In an effort to prevent District ratepayers and consumers from being saddled with costly energy supply agreements that provide no tangible benefits for district consumers, OPC successfully fought Mirant’s efforts to have a bankruptcy court absolve it from financial responsibility under such agreements. Without such effort, district ratepayers were facing $541 million in energy supply contract costs.
In June 2000, Mirant purchased Pepco’s power plants for approximately $2.65 billion. As part of that purchase agreement, Pepco was allowed to assign its entire energy supply contracts, known as purchase power agreements (“PPA”) to Mirant, however, a number of the PPAs contained contract language that required Pepco to obtain the PPA supplier’s consent before it could assign that particular PPA. A PPA is an agreement under which Pepco was obligated to purchase power from outside suppliers at a fixed rate. The parties agreed to reduce the power plant purchase price by almost $260 million if Pepco could not obtain consent to assign certain PPAs.
To get around a contract provision that requires supplier consent to an assignment, Mirant and Pepco entered into a “back-to-back” agreement under which Mirant was obligated to purchase energy at the same FERC-approved rates as Pepco. The PPA required Mirant to pay higher than market rates for energy supply. Mirant filed for chapter 11 bankruptcy in July 2003. In its petition, Mirant sought, inter alia, to reject the back-to-back agreement because such agreements were causing Mirant to suffer financial losses. Mirant also sought, and received, an ex parte temporary restraining order preventing the federal energy regulatory commission (“FERC”) or Pepco from taking any actions to require or coerce Mirant to abide by the terms of the back-to-back agreement OPC intervened in the bankruptcy proceeding. Mirant engaged in an aggressive litigation campaign to shed its obligations and to impose costs on D.C. ratepayers and consumers.
A Texas federal court found that the only business justification supporting Mirant’s request to reject the back-to-back agreement was the losses it suffered because the rate for electricity that FERC approved for that agreement exceeds the market rate. Based upon this analysis, the court found that Mirant’s rejection request was a prohibited attempt to avoid their electric energy purchase payment obligations under the back-to-back agreement at the filed rates FERC has found to be just and reasonable. The court then held that the bankruptcy code does not provide an exception to FERC’s authority under the federal power act and that Mirant must seek relief from the filed rate in the back-to-back agreement in a FERC proceeding. Based upon this analysis, the court denied Mirant’s motion to reject the back-to-back agreement as well as its request for permanent injunctive relief. In a subsequent order, the court vacated the bankruptcy court’s injunctive relief because it would interfere with the performance of FERC’s regulatory oversight functions. The court then dismissed the case for failure to state a claim upon which relief could be granted. Mirant appealed the lower court actions.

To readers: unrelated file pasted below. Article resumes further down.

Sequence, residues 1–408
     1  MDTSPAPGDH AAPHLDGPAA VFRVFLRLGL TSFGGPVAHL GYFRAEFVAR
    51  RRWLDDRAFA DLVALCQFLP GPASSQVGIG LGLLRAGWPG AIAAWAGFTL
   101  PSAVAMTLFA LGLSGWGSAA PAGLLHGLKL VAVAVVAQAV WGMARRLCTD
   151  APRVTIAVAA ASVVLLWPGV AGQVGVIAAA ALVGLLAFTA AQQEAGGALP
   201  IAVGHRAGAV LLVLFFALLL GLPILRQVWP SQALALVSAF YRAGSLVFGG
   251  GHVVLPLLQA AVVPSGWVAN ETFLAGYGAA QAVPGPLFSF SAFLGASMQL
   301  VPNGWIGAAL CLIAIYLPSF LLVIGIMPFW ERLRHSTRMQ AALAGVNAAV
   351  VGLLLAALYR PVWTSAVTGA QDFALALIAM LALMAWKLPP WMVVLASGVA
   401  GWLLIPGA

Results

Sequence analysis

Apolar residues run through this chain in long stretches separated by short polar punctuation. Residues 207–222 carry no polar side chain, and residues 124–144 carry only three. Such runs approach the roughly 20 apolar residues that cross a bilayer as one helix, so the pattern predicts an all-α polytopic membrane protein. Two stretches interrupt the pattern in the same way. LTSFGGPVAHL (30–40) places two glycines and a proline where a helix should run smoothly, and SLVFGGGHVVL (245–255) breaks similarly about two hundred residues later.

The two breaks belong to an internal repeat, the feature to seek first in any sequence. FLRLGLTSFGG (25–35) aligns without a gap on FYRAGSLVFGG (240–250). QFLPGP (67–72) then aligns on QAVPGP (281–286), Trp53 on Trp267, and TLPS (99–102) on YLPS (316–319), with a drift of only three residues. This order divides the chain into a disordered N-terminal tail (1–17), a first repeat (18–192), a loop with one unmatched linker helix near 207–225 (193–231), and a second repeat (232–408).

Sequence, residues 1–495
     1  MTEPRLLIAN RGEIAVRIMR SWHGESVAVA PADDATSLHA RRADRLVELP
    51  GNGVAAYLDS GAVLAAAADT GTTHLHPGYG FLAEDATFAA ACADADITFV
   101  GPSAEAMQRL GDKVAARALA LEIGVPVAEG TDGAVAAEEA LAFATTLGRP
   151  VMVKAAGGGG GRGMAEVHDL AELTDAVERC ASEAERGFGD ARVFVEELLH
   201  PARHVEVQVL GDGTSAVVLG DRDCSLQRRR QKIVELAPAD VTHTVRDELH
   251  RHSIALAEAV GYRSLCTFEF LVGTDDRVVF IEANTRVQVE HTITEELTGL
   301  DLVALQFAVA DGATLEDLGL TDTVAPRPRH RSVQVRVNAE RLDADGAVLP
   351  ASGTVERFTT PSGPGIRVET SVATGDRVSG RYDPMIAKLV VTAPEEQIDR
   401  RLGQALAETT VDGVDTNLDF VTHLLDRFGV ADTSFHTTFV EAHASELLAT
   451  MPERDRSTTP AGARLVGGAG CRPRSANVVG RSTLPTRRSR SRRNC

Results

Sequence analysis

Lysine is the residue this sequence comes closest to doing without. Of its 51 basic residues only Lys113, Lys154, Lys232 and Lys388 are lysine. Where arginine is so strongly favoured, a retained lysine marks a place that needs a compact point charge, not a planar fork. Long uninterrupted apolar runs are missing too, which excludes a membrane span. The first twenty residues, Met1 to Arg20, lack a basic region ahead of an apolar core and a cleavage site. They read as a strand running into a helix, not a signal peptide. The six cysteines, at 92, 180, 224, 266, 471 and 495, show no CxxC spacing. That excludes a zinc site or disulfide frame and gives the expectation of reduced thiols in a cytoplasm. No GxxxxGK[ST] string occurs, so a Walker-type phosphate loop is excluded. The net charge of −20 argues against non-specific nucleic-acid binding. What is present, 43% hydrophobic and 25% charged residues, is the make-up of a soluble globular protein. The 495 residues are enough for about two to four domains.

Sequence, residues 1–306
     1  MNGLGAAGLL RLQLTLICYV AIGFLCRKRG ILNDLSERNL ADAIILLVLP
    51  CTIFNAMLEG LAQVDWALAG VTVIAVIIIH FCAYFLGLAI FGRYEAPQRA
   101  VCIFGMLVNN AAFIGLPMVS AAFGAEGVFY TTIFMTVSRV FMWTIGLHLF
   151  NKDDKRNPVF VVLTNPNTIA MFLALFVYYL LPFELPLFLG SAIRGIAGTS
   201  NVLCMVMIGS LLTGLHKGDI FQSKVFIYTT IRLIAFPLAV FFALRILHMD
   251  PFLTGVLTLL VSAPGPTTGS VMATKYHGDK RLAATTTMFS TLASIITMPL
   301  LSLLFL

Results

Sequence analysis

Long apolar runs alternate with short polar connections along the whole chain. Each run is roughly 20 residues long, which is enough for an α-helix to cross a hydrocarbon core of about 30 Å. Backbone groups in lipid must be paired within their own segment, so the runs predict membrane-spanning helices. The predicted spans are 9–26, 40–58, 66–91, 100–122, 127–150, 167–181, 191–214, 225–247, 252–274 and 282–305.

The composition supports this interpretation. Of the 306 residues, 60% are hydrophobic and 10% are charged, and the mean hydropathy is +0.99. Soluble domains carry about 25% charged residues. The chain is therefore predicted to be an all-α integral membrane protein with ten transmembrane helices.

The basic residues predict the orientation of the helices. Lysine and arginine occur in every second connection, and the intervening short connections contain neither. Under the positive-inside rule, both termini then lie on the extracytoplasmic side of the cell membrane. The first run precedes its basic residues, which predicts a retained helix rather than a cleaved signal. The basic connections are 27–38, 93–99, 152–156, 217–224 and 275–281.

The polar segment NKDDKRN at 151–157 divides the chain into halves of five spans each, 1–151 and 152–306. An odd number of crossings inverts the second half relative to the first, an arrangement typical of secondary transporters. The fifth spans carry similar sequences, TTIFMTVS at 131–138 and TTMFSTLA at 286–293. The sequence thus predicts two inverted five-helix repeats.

On April 16, 2004, as the only party representing D.C. electric consumers’ interests, OPC filed a “friend of the court” brief with the united states court of appeals for the fifth circuit to protect Pepco’s interests in $541 million worth of energy supply contracts. On the same day, people’s counsel Elizabeth A. Noël publicly stated “... To save D.C. consumers, OPC must first save Pepco’s interests in these contracts.”
While the United States Court of Appeals for the Fifth Circuit concluded that the lower court acted inappropriately in dismissing the case, it declined to decide whether Mirant could reject the back-to-back agreement since the lower court and bankruptcy court failed to render a decision on the rejection request. The Mirant-Pepco matter was subsequently settled in 2006 thus relieving Pepco and its customers of all obligations under the PPAs. The settlement was a good result for consumers who would have paid millions under the rejected PPAs. Pepco shared proceeds from the Mirant settlement and the transfer of a PPA with its District of Columbia residential customers in the form of a one-time credit of $16.84.